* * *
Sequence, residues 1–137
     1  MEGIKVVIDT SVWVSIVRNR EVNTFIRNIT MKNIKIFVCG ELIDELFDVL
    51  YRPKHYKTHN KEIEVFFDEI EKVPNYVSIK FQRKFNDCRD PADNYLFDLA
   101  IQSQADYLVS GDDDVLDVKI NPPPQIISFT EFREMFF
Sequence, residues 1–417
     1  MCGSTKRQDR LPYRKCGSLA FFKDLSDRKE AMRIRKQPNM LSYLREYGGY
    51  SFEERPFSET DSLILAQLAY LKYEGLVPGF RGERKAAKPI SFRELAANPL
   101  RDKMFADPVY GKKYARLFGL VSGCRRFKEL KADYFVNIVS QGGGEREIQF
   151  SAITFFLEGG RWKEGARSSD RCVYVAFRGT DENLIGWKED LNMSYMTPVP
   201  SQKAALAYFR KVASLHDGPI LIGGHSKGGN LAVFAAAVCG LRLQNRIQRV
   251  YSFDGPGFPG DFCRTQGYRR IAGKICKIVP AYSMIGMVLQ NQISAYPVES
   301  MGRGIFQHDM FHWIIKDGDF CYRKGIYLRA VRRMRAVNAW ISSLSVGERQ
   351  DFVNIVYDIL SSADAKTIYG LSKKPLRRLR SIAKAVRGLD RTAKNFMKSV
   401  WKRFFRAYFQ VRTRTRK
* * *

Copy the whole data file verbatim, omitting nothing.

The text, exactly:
Sequence, residues 1–137
     1  MEGIKVVIDT SVWVSIVRNR EVNTFIRNIT MKNIKIFVCG ELIDELFDVL
    51  YRPKHYKTHN KEIEVFFDEI EKVPNYVSIK FQRKFNDCRD PADNYLFDLA
   101  IQSQADYLVS GDDDVLDVKI NPPPQIISFT EFREMFF
Sequence, residues 1–417
     1  MCGSTKRQDR LPYRKCGSLA FFKDLSDRKE AMRIRKQPNM LSYLREYGGY
    51  SFEERPFSET DSLILAQLAY LKYEGLVPGF RGERKAAKPI SFRELAANPL
   101  RDKMFADPVY GKKYARLFGL VSGCRRFKEL KADYFVNIVS QGGGEREIQF
   151  SAITFFLEGG RWKEGARSSD RCVYVAFRGT DENLIGWKED LNMSYMTPVP
   201  SQKAALAYFR KVASLHDGPI LIGGHSKGGN LAVFAAAVCG LRLQNRIQRV
   251  YSFDGPGFPG DFCRTQGYRR IAGKICKIVP AYSMIGMVLQ NQISAYPVES
   301  MGRGIFQHDM FHWIIKDGDF CYRKGIYLRA VRRMRAVNAW ISSLSVGERQ
   351  DFVNIVYDIL SSADAKTIYG LSKKPLRRLR SIAKAVRGLD RTAKNFMKSV
   401  WKRFFRAYFQ VRTRTRK